Typically these groups target European countries allied with the United
States in Iraq, as was proved by the Madrid bombings, the November 2003
attacks on British targets in Istanbul, as well as the lion's share of
some 30 spectacular terrorist plots that have failed since September 11.
In March 2004, within days of the London police chief's pronouncement that
a local terrorist attack was "inevitable," his officers
uncovered a plot involving nine British nationals of Pakistani origin and
seized the largest cache of potential bomb-making material since the
heyday of the Irish Republican Army. A few months later, Scotland Yard
charged eight second-generation South Asian immigrants, reportedly trained
in al Qaeda camps, with assembling a dirty bomb. Three of them had
reconnaissance plans showing the layout of financial institutions in three
Several hundred European militants -- including dozens of
second-generation Dutch immigrants "wrestling with their
identity," according to the Dutch intelligence service -- have also
struck out for Iraq's Sunni Triangle. In turn, western Europe serves as a
way station for mujahideen wounded in Iraq. The Iraq network belongs to an
extensive structure developed by Abu Musab al-Zarqawi, now formally bin
Laden's sworn ally and the "emir" of al Qaeda in Iraq. Recently
unsealed Spanish court documents suggest that at a meeting in Istanbul in
February 2002, Zarqawi, anticipating a protracted war in Iraq, began to
lay plans for a two-way underground railway to send European recruits to
Iraq and Middle Eastern recruiters, as well as illegal aliens, to Europe.
Zarqawi also activated sleeper cells established in European cities during
the Bosnian conflict.
A chief terrorism investigator in Milan, Armando Spataro, says that
"almost all European countries have been touched by [Iraq]
recruiting," including, improbably, Norway, Switzerland, Poland,
Bulgaria, and the Czech Republic. The recruitment methods of the Iraq
network, which procures weapons in Germany from Balkan gangs, parallels
those for the conflicts in Chechnya and Kashmir. Thanks to its
state-of-the-art document-forging industry, Italy has become a base for
dispatching volunteers. And Spain forms a trunk line with North Africa as
well as a staging area for attacks in "al Andalus," the
erstwhile Muslim Spanish caliphate.
Although for some Europeans the Madrid bombings were a watershed event
comparable to the September 11 attacks in the United States, these
Europeans form a minority, especially among politicians. Yet what
Americans perceive as European complacency is easy to fathom. The
September 11 attacks did not happen in Europe, and for a long time the
continent's experience with terrorism mainly took the form of car bombs
and booby-trapped trash cans. Terrorism is still seen as a crime problem,
not an occasion for war. Moreover, some European officials believe that
acquiescent policies toward the Middle East can offer protection. In fact,
while bin Laden has selectively attacked the United States' allies in the
Iraq war, he has offered a truce to those European states that have stayed
out of the conflict.
With a few exceptions, European authorities shrink from the relatively
stout legislative and security measures adopted in the United States. They
prefer criminal surveillance and traditional prosecutions to launching a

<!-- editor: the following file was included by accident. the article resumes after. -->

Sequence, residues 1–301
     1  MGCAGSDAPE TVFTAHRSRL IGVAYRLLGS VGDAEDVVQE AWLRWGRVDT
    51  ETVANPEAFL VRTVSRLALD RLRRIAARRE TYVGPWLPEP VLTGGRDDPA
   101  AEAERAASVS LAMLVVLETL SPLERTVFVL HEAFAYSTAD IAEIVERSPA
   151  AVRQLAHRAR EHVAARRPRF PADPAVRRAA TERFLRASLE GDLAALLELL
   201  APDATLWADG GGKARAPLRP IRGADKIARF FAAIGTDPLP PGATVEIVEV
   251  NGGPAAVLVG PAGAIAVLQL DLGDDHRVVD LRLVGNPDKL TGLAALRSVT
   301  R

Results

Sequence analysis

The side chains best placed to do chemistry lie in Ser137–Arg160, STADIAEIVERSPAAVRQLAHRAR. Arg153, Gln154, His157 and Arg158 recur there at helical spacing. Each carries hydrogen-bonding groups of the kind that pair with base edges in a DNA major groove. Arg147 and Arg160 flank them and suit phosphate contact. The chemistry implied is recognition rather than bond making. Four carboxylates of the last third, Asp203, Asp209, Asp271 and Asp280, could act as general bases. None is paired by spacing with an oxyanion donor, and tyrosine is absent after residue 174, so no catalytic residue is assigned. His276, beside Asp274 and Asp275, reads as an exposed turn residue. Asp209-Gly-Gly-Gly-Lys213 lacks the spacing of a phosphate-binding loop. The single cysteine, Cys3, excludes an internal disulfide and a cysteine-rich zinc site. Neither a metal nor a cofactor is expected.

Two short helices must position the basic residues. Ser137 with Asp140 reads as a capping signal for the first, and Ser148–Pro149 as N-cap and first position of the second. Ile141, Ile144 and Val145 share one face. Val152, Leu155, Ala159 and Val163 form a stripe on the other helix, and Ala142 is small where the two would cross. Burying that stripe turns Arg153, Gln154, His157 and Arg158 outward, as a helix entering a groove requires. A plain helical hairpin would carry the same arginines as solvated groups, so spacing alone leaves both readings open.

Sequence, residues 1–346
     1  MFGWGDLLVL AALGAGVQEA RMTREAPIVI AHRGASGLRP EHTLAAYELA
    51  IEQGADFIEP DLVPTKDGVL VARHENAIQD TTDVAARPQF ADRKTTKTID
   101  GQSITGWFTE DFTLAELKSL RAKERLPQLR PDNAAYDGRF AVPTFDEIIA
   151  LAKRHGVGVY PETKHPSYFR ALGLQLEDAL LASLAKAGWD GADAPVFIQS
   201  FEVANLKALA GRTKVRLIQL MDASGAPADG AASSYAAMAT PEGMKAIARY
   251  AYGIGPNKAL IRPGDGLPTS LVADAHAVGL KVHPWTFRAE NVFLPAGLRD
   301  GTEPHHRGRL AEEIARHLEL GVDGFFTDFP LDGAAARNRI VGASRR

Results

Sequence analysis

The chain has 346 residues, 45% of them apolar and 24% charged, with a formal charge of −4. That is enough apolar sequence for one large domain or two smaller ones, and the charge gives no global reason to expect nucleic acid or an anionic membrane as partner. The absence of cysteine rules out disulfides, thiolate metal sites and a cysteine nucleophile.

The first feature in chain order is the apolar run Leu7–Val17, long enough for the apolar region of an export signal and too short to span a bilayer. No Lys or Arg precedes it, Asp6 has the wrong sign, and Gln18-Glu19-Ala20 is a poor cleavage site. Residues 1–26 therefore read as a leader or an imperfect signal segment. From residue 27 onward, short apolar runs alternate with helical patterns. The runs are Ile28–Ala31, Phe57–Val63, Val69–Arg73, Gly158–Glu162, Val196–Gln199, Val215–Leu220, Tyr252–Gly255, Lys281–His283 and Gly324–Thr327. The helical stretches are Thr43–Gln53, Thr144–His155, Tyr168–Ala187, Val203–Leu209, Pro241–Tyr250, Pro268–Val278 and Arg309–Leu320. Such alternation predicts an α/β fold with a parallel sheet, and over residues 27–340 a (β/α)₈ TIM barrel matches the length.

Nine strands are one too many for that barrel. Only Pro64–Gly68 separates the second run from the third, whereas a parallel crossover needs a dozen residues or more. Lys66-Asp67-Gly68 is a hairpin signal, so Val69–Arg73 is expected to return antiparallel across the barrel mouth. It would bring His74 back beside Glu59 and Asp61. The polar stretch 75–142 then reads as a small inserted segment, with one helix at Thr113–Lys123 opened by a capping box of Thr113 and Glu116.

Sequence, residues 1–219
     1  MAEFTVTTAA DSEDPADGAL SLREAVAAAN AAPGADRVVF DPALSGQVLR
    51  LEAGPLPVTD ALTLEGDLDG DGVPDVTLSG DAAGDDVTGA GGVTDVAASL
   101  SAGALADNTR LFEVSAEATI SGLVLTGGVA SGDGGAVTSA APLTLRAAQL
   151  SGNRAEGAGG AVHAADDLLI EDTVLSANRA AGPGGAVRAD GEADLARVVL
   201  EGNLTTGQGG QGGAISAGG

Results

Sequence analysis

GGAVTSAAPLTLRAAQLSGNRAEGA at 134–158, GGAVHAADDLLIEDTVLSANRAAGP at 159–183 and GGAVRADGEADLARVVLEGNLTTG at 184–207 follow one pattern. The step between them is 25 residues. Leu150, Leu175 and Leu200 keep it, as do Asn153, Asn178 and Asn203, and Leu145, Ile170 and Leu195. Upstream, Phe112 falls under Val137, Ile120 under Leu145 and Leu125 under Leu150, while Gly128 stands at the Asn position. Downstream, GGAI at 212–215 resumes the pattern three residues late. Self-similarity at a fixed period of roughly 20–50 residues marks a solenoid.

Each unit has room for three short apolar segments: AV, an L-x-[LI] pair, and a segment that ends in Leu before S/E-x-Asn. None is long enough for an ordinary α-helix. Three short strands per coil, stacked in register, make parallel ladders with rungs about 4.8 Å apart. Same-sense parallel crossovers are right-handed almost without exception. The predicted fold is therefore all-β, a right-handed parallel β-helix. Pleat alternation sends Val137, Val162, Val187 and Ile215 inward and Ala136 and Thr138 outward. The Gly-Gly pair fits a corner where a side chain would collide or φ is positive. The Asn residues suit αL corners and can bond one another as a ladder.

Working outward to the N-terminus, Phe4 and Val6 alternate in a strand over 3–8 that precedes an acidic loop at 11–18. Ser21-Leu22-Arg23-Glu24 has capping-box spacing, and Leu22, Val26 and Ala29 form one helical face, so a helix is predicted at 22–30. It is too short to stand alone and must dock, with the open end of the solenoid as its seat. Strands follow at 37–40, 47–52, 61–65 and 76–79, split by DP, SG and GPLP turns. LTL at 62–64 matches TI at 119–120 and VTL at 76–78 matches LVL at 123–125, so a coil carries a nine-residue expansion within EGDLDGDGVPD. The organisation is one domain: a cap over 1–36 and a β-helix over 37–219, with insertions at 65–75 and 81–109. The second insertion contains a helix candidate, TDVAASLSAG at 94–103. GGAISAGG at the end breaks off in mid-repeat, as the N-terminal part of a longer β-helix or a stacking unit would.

U.S.-style "war on terrorism" and mobilizing the military,
establishing detention centers, enhancing border security, requiring
machine-readable passports, expelling hate preachers, and lengthening
notoriously light sentences for convicted terrorists. Germany's failure to
convict conspirators in the September 11 attacks suggests that the
European public, outside of France and now perhaps the Netherlands, is not
ready for a war on terrorism.
Contrary to what many Americans concluded during Washington's dispute
with Paris in the lead-up to the invasion of Iraq, France is the exception
to general European complacency. Well before September 11, France had
deployed the most robust counterterrorism regime of any Western country.
Irish terrorism may have diverted British attention from jihad, as has
Basque terrorism in Spain, but Algerian terrorism worked the opposite
effect in France.
To prevent proselytizing among its mostly North African Muslim
community, during the 1990s the energetic French state denied asylum to
radical Islamists even while they were being welcomed by its neighbors.
Fearing, as Kepel puts it, that contagion would turn "the social
malaise felt by Muslims in the suburbs of major cities" into
extremism and terrorism, the French government cracked down on jihadists,
detaining suspects for as long as four days without charging them or
allowing them access to a lawyer. Today no place of worship is off limits
to the police in secular France. Hate speech is rewarded with a visit from
the police, blacklisting, and the prospect of deportation. These practices
are consistent with the strict Gallic assimilationist model that bars
religion from the public sphere (hence the headscarf dispute).
Contrast the French approach to the United Kingdom's separatist form of
multiculturalism, which offered radical Arab Islamists refuge and the
opportunity to preach openly, while stepping up surveillance of them.
French youth could still tune into jihadist messages on satellite
television and the Internet, but in the United Kingdom open radical
preaching spawned terrorist cells. Most of the rest of Europe adopted the
relaxed British approach, but with less surveillance.
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